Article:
Trump urges Americans to wear face masks in public to fight coronavirus — but says he ‘won’t be doing it’
President Trump speaks about the coronavirus in the White House briefing room Friday.(Alex Brandon/AP)
President Trump is not leading by example.
The commander-in-chief urged all Americans on Friday to wear face masks in public as part of an aggressive effort to contain the coronavirus outbreak — but he has no plans to follow his own advice.
Speaking at his daily COVID-19 briefing at the White House, Trump announced that the Centers for Disease Control and Prevention had concluded after much study that all people in the U.S. should wear “a basic cloth or fabric mask" whenever they go outside. He said such non-professional grade masks can be purchased online or made at home.
But Trump quickly shot his own recommendations in the foot.
“So it’s voluntary, you don’t have to do it,” Trump said. “I don’t think I’m going to be doing it.”
Asked why he doesn’t want to set a good example, Trump said he couldn’t picture himself greeting world leaders or “dictators” while wearing a face mask.
“I just don’t want to wear one myself,” he said. “I just don’t want to do it. Sitting in the Oval Office, behind the great, beautiful Resolute Desk, I think wearing a face mask as I greet presidents, dictators, kings queens — I just don’t see it for myself.”
He stressed, “I won’t be doing it personally. It’s a recommendation.”
Friday’s announcement capped an evolution in messaging from the White House that officials acknowledged has been confusing and marred by contradiction and misinformation, even as the number of confirmed COVID-19 cases in the U.S. tops 270,000, with at least 7,000 people dead.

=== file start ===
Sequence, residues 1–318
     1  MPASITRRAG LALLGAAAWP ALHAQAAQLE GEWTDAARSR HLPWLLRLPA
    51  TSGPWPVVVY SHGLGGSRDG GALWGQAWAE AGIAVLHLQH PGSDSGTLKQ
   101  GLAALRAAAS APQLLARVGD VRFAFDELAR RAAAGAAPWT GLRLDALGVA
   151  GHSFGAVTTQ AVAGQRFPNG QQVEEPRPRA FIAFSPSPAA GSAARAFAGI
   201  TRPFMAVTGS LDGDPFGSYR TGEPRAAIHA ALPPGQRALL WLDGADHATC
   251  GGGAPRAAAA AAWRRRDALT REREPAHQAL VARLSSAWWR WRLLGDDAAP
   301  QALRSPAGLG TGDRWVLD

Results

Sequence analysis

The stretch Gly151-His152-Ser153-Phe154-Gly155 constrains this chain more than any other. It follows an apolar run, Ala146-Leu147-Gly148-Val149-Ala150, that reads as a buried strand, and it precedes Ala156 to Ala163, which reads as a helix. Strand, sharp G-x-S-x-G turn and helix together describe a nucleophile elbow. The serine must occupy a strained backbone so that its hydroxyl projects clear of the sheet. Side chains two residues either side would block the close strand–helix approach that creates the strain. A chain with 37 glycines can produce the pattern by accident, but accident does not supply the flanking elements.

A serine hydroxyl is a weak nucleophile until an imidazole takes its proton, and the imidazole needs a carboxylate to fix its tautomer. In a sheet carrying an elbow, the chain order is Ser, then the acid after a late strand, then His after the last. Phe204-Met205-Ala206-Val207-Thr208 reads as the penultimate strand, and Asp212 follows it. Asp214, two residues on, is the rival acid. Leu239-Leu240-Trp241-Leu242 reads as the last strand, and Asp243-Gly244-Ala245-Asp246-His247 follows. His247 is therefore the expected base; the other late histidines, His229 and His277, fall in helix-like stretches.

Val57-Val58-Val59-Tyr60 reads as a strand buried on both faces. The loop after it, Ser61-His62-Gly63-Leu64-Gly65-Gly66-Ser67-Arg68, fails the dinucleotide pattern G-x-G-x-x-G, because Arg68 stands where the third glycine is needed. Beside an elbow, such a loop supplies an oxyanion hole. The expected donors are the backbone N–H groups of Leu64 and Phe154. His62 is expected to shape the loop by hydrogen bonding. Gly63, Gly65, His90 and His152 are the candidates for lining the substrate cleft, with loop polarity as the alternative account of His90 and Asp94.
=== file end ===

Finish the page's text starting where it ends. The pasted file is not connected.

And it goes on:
On Thursday, Trump claimed some 100,000 ventilators were coming to hospitals across the nation within two weeks — only for Federal Emergency Management Agency officials to clarify that the bulk of those machines may not be ready until June.
Some cities had already announced face mask recommendations before Trump’s halfhearted announcement, including New York and Los Angeles.
The CDC said in its new guidelines that wide-ranging face mask usage could help fight the virus, as people can have the infection and spread it without showing symptoms.
People should not attempt to acquire professional-grade masks, such as N95s, as those are in short supply and should be reserved for healthcare workers, according to the guidelines.
Speaking at the same briefing as Trump, CDC Director Robert Redfield noted that social distancing remains the most important weapon in the war against the virus.
Contrary to Trump, though, Redfield did not say he would buck the new mask guidelines and urged Americans to follow them.
“We know a face barrier can interrupt the number of particles that can go from one person to another,” Redfield said. “The purpose of this face covering is to be another adjunctive mitigation strategy to protect someone spreading the virus from themselves to someone else.”
Friday's announcement capped an evolution in messaging from the White House that officials acknowledged has at times been confusing.
First lady Melania Trump embodied the ever-changing messaging with a tweet saying, “As the weekend approaches I ask that everyone take social distancing & wearing a mask/face covering seriously."